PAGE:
In July, the Sequim City Council placed a Transportation Benefit District initiative on the ballot. It provides for revenues to be used exclusively for approved city transportation projects. A two-tenths of 1 percent increase in city sales-and-use taxes would be levied on certain items and services; the cost of a $10 purchase would increase by 2 cents. Necessities such as groceries, prescriptions, gasoline, rent, insurance and mortgages would not be affected.
Initially, the TBD tax would yield roughly $600,000 annually for city transportation needs. More than two-thirds of this revenue would not come from the pockets of city residents, backers say. It would be paid by tourists and neighbors who live outside the city — folks who shop here and use Sequim’s streets and sidewalks.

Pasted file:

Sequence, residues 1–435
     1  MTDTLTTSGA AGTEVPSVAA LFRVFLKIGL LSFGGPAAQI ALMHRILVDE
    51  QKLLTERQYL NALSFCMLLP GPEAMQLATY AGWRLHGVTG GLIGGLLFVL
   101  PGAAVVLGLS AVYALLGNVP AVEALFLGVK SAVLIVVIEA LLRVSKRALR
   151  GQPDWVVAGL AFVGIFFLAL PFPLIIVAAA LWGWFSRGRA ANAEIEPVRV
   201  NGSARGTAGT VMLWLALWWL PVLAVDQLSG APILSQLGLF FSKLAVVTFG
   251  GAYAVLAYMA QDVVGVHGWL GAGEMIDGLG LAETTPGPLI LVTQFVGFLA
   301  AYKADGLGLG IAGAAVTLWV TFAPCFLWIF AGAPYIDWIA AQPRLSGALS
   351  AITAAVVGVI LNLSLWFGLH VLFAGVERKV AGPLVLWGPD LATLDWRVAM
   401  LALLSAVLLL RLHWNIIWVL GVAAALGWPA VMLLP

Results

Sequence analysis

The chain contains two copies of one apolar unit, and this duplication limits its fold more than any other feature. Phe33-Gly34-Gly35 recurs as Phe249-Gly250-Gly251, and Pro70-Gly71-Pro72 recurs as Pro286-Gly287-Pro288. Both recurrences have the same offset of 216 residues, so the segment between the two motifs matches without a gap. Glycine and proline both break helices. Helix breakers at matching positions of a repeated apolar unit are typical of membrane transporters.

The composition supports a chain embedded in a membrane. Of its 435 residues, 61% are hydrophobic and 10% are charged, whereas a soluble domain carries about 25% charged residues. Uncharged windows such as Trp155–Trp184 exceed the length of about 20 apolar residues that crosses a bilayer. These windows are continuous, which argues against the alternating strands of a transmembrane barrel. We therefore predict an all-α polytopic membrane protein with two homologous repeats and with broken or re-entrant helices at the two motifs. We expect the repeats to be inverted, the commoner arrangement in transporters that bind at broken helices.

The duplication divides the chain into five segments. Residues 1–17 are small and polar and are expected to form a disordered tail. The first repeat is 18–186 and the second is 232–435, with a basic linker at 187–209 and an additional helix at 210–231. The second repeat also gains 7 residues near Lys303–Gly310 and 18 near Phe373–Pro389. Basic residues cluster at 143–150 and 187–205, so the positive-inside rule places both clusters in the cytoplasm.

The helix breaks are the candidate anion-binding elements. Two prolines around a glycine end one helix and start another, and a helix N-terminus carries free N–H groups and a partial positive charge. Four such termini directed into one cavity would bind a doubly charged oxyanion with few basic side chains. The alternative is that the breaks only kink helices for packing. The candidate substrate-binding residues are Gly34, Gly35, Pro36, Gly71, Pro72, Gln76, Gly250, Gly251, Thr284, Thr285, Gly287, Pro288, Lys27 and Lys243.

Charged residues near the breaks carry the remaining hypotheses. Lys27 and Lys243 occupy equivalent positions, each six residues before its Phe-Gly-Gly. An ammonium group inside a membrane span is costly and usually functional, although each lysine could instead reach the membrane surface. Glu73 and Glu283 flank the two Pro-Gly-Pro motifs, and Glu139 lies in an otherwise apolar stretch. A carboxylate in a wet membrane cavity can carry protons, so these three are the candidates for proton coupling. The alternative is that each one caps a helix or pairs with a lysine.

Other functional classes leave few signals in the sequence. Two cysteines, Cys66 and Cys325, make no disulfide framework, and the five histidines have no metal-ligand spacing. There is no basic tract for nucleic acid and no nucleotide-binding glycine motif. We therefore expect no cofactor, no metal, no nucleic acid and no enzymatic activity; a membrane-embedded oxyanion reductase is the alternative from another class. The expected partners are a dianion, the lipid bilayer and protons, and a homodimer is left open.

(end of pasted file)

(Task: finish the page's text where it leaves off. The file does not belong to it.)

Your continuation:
Previously the city had access to state and federal transportation funds but Sequim has grown past the magic small-city population number (5,000) and now must compete with large cities like Seattle.
Some federal stimulus money should become available, but often these monies require local matching funds. Today, there are virtually no matching funds available in Sequim.
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